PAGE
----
Bottom line: when ETFs dump, get ready for the pump.
“I’m catching a wiggle.” Think of when fishing in a pond and the line starts to wiggle. Is it a big fish? Or is it a smart minnow making off with your bait? Wiggles happen on Wall Street trading desks, too. You see, big traders are cautious…and rightly so. Any information that is leaked can and will tip their hand. So when someone is asking about a stock without saying if they are a buyer or seller, that’s a wiggle! It could be a big fish, or just an opportunistic bait seeker.
This morning our data reminded us of “catching a wiggle.” The market rallied hard yesterday after a nasty multi-week sell-off, but what we really saw under the surface was a decent amount of buying in stocks…something we haven’t seen in quite a while. Is it real buying? The short answer is probably. But instead of going on a hunch, we looked back at prior times when the setup looked similar. We need more than just a wiggle.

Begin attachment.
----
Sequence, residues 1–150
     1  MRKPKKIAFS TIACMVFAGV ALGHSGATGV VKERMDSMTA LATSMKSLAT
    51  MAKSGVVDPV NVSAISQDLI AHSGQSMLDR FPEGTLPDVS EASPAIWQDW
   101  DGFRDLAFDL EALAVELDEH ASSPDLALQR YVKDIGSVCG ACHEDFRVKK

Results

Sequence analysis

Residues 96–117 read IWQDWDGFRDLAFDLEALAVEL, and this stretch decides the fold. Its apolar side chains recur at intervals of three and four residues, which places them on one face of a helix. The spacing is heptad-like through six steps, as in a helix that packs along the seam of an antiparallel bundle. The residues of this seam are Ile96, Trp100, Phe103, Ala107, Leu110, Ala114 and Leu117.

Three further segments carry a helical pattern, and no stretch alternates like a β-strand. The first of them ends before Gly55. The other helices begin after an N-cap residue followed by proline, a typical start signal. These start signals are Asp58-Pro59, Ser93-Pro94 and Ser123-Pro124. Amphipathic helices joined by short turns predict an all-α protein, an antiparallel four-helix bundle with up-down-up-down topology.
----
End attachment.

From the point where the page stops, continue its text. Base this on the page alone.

Here’s a snapshot of our ratio of buying to selling. It sits at 36% because sellers have been in control. We circled areas of declining ratio readings:
To drill down further, this morning we saw 4 things that caught our attention and look quite bullish:
- We logged more buy signals than sell signals in stocks.
- Over 50% of our stock universe (~1400) traded on unusual volume.
- A low percentage of our universe made buy/sell signals, indicating a reversion trade.
- Markets rallied hard yesterday.
Below are the prior times when numbers 2 & 3 occurred when our ratio was very depressed (<40%) with forward returns for SPY (S&P 500 ETF):
Bottom line: when selling slows and buying grows, markets tend to rise. The best stocks out there rise the fastest. In this sea of information, we are constantly looking for outlier stocks. We believe the worst is likely behind us near-term. Once the ratio lifts, markets will likely follow.